Last year, WWE 2K15 was trimmer than a wrestler trying to make weight before a match. With cut exhibition match types, a streamlined roster, and several excised creation modes, that entry was lacking content that fans had come to expect from the franchise. With WWE 2K16, Yuke's and Visual Concepts have had another year to bolster the feature set and bring back fan-favorite creation modes, but the core mechanics feel clunky and well-worn, like a wrinkled old-timer still fighting for the spotlight.
WWE 2K16 has so many modes that it’s difficult to know where to start. The My Career mode is a logical launch pad, since it gives you the chance to create a wrestler from scratch. You start out as an NXT vet and then get to choose how to work your way through the ranks of the WWE with the ultimate goal of becoming a Hall of Famer. As a WWE fan I enjoyed choosing between being a heel or a babyface, and got a kick out of developing my own rivalries with real WWE superstars. Unfortunately, building up your paltry starting stats takes a long time, and managing your wrestler’s training sessions quickly feels like a massive grind.
One of WWE 2K16’s standout modes is a journey through the career of easily one of greatest wrestlers of all time, Stone Cold Steve Austin. In past years, the WWE games have highlighted the biggest events throughout the first 30 Years of WrestleMania and taken players on a trip back to the Attitude Era. This shift in focus to a single wrestler feels smaller in some ways, but Austin’s ascent into the WWE Hall of Fame is full of plenty of great matches. As usual, the video packages before each match are a joy to watch and do a great job setting up the Texas Rattlesnake’s historical feuds that players get to emulate.
The videos may promote big thrills, but the gameplay can’t deliver on the promise. Players dropkick and Irish whip their opponents across the mat, but WWE 2K16’s animations are so sluggish that it’s hard to know when you are initiating an attack or responding to your opponent’s grapple until the wrestlers are halfway through their moves. This sluggish combat urges you to mash buttons in hopes that your attacks land before your opponent’s. Targeting the correct opponent during matches with multiple wrestlers is also difficult, and your character often takes jabs at the closest opponent rather than the one you’re moving towards. Even managing your super meter can be tricky, because in order to win a match you almost always have to perform your signature or finisher before pinning your opponent.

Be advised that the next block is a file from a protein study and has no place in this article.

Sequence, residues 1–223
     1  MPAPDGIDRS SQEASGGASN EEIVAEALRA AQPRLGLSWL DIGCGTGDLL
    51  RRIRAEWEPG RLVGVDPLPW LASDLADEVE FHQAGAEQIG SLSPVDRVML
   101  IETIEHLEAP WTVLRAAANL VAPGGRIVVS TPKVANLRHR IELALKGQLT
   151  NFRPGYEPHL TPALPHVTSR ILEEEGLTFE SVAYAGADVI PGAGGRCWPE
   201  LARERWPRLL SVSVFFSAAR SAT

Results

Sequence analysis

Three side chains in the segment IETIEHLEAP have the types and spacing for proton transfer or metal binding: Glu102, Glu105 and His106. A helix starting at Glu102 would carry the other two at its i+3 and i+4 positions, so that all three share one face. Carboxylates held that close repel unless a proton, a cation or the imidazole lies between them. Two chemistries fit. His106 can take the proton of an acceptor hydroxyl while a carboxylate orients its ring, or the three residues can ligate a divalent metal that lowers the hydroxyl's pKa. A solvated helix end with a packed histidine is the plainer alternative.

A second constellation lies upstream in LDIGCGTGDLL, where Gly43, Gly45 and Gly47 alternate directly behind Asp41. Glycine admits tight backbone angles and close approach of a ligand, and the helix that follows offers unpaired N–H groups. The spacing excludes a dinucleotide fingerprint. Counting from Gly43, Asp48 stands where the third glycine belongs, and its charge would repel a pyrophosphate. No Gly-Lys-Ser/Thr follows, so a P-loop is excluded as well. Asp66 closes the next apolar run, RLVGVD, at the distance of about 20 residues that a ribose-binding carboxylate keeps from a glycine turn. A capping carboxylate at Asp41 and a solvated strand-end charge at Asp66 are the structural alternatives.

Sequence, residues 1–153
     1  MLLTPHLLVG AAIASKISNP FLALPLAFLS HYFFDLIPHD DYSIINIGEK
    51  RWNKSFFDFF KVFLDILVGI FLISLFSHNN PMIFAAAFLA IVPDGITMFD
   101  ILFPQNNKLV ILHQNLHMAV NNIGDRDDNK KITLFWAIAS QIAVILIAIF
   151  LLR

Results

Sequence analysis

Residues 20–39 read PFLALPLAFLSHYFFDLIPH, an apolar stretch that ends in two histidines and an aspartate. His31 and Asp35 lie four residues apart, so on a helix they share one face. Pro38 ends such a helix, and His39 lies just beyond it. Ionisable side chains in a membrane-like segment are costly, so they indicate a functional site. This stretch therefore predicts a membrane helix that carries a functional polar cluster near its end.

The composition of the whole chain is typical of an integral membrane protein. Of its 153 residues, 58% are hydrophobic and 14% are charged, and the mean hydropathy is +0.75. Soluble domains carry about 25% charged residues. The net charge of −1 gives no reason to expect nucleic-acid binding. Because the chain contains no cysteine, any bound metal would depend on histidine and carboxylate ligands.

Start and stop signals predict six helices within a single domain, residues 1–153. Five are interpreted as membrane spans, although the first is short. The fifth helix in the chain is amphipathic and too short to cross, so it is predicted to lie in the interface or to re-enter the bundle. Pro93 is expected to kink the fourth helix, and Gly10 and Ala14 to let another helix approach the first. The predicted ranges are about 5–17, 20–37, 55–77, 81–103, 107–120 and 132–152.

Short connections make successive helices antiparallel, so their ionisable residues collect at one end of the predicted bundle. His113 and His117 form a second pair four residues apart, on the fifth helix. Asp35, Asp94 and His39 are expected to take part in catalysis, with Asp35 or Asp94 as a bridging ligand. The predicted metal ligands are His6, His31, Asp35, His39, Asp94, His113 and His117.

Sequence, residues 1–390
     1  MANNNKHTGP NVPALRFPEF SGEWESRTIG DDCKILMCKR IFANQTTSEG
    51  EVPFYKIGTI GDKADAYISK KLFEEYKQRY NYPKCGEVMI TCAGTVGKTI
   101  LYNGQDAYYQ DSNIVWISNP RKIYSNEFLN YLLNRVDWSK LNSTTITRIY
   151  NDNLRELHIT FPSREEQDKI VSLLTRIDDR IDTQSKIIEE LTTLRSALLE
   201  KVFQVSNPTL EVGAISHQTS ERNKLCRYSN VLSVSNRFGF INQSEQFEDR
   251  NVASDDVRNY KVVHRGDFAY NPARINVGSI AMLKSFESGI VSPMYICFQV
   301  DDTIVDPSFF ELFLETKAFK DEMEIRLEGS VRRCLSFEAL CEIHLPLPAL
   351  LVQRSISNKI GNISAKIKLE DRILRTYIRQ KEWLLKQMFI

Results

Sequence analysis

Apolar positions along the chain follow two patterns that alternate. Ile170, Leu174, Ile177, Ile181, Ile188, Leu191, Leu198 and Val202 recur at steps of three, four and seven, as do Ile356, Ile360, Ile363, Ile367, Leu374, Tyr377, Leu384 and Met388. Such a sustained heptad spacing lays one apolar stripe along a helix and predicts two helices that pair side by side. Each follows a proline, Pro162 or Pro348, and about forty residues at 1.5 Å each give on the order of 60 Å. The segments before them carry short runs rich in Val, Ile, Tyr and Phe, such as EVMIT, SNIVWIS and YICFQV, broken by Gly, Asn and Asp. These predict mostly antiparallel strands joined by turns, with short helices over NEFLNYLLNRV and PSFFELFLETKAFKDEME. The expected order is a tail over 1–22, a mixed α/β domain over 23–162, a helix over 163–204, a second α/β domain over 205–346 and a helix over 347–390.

Last year, players complained about 2K’s reversal system, which was easily exploited and often led to wars of attrition where players were constantly reversing each other’s attacks until someone gave up. In response, Yuke’s developed a limited reversal system, which helps prevent this loop. Unfortunately, the A.I. still reverses far more often than you ever see on an episode of Monday Night Raw, so you have to wait until your opponent is out of reversals before you can really start laying the smack down.
My biggest problems with the mechanics come from the grappling, submission, and pinning minigames. Whenever your opponent initiates a submission, you’re forced into a minigame that has you chasing your opponent’s analog stick around a track. If you’re pinned, you have to carefully tap the grapple button to hit an escape window. If you blow either of these minigames, the results are the same: You lose the match. In several matches, I wrestled almost flawlessly only to lose at the 11th hour thanks these clumsy events.
Due to last years’ visual overhaul, these wrestlers continue to look better than ever. Unfortunately, WWE’s gameplay hasn’t made the same strides as its graphics. Reliving Steve Austin’s career will likely appeal to a lot of wrestling fans, but it’s more fun to watch than to play. WWE’s live action video packages remain some of the series best content, but if you just want to watch a bunch of historical matches there are plenty of other, stress-free ways to access most of that content.